Nonprofit Boosts Donations and Donors with Technology

The San Diego chapter of United Cerebral Palsy has expanded its donor list by 75 percent and doubled the volume of used clothes it collects for the disabled with the aid of a customized predictive dialer system.

The non-profit group, which sends trucks to collect bags of used clothing and other items from people's homes, began using StrataDial, a predictive dialer from StrataSoft, Houston, a year and a half ago.

At the time, it took 12 callers at the organization's center approximately four months to contact the organization's list of 400,000 donors. Since implementing the system, the center has grown its list of donors to 700,000 and doubled the size of its truck fleet from three to six trucks. In addition, the 16 callers currently working at its center take two and a half months to work through the larger list.

The organization expects to donate between $100,000 and $150,000 to programs to help people afflicted with cerebral palsy and other disabilities by selling clothing donations to thrift stores and through other donations this year.

While the ability to weed out busy signals and answering machines has saved callers considerable time, a large portion of the center's growth and increased productivity have come from the organizational improvements the agency has been able implement through the new technology, said Dave Laukes, donations center director.

Previously, when callers received straight lists of names and phone numbers to call, data on donors was often lost or unrecorded.

“As anywhere, people are transient. Our callers used to cross out phone numbers if there was a disconnect or if someone had moved and it was difficult to retrieve that information,” he said. “Now that information is all saved and I can call to find people who have moved.”

In addition, since the callers now have data on their computer screens as they speak to donors, it is easier for them to verify information. As donations will be picked up from homes, it is important for callers to verify the specifics of addresses so drivers won't get lost or miss pick-ups.

“Our callers always verify ZIP codes because we want to keep the drivers' routes as tight as possible,” Laukes said. “They also ask whether it is a house, condo or apartment, so it's recognizable for the driver and establish a place for the pick up if no one is going to be home when the driver comes.”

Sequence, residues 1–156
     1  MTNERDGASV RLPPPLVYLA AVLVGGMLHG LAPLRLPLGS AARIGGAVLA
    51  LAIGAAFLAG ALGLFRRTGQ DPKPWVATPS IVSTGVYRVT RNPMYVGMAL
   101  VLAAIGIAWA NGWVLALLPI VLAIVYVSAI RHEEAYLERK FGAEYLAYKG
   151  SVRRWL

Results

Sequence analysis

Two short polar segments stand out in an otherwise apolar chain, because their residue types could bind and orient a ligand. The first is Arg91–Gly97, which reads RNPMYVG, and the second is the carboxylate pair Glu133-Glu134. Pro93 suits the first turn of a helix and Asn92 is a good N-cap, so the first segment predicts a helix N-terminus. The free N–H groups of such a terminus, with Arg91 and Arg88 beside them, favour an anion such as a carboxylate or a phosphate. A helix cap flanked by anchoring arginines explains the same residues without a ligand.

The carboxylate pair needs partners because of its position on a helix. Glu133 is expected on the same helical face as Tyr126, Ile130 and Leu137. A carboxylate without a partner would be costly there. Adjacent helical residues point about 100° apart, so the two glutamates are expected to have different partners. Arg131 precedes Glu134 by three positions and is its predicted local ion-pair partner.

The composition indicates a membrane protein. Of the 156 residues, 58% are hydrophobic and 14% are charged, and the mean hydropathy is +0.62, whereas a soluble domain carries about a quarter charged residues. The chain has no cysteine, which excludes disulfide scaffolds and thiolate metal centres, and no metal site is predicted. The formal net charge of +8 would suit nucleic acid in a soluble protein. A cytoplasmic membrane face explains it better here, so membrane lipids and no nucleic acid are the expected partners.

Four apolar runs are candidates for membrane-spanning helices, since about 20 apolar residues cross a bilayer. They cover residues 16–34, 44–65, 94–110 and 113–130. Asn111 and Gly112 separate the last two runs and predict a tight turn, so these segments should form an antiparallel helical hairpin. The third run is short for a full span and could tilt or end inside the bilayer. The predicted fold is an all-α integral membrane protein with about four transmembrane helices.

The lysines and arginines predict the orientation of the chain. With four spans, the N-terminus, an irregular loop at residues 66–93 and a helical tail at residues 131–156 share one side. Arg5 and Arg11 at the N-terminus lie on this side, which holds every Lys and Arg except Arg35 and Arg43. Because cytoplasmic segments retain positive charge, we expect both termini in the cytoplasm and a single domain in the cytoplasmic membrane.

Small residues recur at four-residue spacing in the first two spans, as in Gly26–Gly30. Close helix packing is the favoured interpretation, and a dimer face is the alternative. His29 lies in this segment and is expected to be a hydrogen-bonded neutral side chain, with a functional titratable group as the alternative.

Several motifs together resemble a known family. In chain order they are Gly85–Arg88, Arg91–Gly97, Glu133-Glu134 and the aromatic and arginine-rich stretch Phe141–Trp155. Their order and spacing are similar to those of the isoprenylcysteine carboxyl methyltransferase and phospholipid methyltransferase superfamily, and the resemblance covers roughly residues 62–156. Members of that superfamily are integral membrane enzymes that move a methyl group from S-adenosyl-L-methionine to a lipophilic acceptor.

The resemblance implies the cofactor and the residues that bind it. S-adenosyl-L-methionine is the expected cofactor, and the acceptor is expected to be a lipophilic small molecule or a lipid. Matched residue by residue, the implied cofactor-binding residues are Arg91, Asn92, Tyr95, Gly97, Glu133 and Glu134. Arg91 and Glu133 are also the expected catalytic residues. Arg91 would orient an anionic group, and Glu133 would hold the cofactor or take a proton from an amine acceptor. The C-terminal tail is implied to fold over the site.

In addition to the initial donation request, the company has input reminder scripts for the night before donation pick-ups, thank you scripts for afterwards and rescheduling scripts for people who weren't ready or weren't home when the truck came.

Lists of numbers where the dialer met busy signals, no answers or answering machines can be retried at a different time.

In order to make pick-up routes as efficient as possible, United Cerebral Palsy organizes calls geographically by using the telephone company's reverse directory, which lists names and phone numbers according to street addresses.

StrataDial has helped the company input prospect names faster and avoid duplications.

“You type in the number, and if it's already in the system, it will come up on the screen and you move to the next one,” Laukes said.

In one instance where a feature of the system did not seem efficient, Laukes had the company change it. The feature was a block that prevented agents from entering donation pick-ups further in the future than the upcoming truck round. Only the center manager could enter such pick-ups. It had been added because others with similar systems had found that call center agents who tried to input information too far in advance often made mistakes.

“As far as I'm concerned, let them input it,” Laukes said. “It's when things are written on scraps of paper and passed around that mistakes are made.”

None of the system's time savings were lost in training, Laukes added. Call center agents quickly adopted the system and even those inexperienced in phone call center work found it easy to use.

“When I hire new drivers, I always have them spend a few days on the phone before going out in the truck,” he said. “I've had a few drivers turn down the job for that reason — because they're afraid of calling. But even the drivers have found it easy to use.”

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